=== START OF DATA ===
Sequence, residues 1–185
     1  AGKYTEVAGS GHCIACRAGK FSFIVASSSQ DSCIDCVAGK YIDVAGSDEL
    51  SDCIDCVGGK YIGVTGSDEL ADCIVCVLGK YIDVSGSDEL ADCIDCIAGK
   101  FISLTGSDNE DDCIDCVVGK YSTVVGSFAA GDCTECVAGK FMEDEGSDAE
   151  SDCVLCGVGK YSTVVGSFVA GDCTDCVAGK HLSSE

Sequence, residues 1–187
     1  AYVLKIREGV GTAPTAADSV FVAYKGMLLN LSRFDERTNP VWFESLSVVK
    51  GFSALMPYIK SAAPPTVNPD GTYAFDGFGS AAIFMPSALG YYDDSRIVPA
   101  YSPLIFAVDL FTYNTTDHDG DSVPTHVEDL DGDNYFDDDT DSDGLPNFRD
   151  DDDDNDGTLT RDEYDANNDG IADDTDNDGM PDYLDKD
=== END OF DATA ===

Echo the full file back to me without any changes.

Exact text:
Sequence, residues 1–185
     1  AGKYTEVAGS GHCIACRAGK FSFIVASSSQ DSCIDCVAGK YIDVAGSDEL
    51  SDCIDCVGGK YIGVTGSDEL ADCIVCVLGK YIDVSGSDEL ADCIDCIAGK
   101  FISLTGSDNE DDCIDCVVGK YSTVVGSFAA GDCTECVAGK FMEDEGSDAE
   151  SDCVLCGVGK YSTVVGSFVA GDCTDCVAGK HLSSE

Sequence, residues 1–187
     1  AYVLKIREGV GTAPTAADSV FVAYKGMLLN LSRFDERTNP VWFESLSVVK
    51  GFSALMPYIK SAAPPTVNPD GTYAFDGFGS AAIFMPSALG YYDDSRIVPA
   101  YSPLIFAVDL FTYNTTDHDG DSVPTHVEDL DGDNYFDDDT DSDGLPNFRD
   151  DDDDNDGTLT RDEYDANNDG IADDTDNDGM PDYLDKD